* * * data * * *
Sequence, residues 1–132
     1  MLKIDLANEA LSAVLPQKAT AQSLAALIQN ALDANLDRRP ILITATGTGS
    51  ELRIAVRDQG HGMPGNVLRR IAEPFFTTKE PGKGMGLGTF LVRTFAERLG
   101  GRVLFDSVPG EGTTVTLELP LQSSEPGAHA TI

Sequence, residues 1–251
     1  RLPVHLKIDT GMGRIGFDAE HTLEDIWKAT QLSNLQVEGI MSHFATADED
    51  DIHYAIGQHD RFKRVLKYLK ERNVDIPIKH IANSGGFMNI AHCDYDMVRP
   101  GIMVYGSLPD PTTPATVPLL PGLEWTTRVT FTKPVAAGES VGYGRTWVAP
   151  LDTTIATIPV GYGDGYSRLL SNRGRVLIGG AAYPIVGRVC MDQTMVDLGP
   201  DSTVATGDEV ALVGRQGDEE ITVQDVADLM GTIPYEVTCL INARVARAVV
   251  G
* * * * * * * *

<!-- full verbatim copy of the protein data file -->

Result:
Sequence, residues 1–132
     1  MLKIDLANEA LSAVLPQKAT AQSLAALIQN ALDANLDRRP ILITATGTGS
    51  ELRIAVRDQG HGMPGNVLRR IAEPFFTTKE PGKGMGLGTF LVRTFAERLG
   101  GRVLFDSVPG EGTTVTLELP LQSSEPGAHA TI

Sequence, residues 1–251
     1  RLPVHLKIDT GMGRIGFDAE HTLEDIWKAT QLSNLQVEGI MSHFATADED
    51  DIHYAIGQHD RFKRVLKYLK ERNVDIPIKH IANSGGFMNI AHCDYDMVRP
   101  GIMVYGSLPD PTTPATVPLL PGLEWTTRVT FTKPVAAGES VGYGRTWVAP
   151  LDTTIATIPV GYGDGYSRLL SNRGRVLIGG AAYPIVGRVC MDQTMVDLGP
   201  DSTVATGDEV ALVGRQGDEE ITVQDVADLM GTIPYEVTCL INARVARAVV
   251  G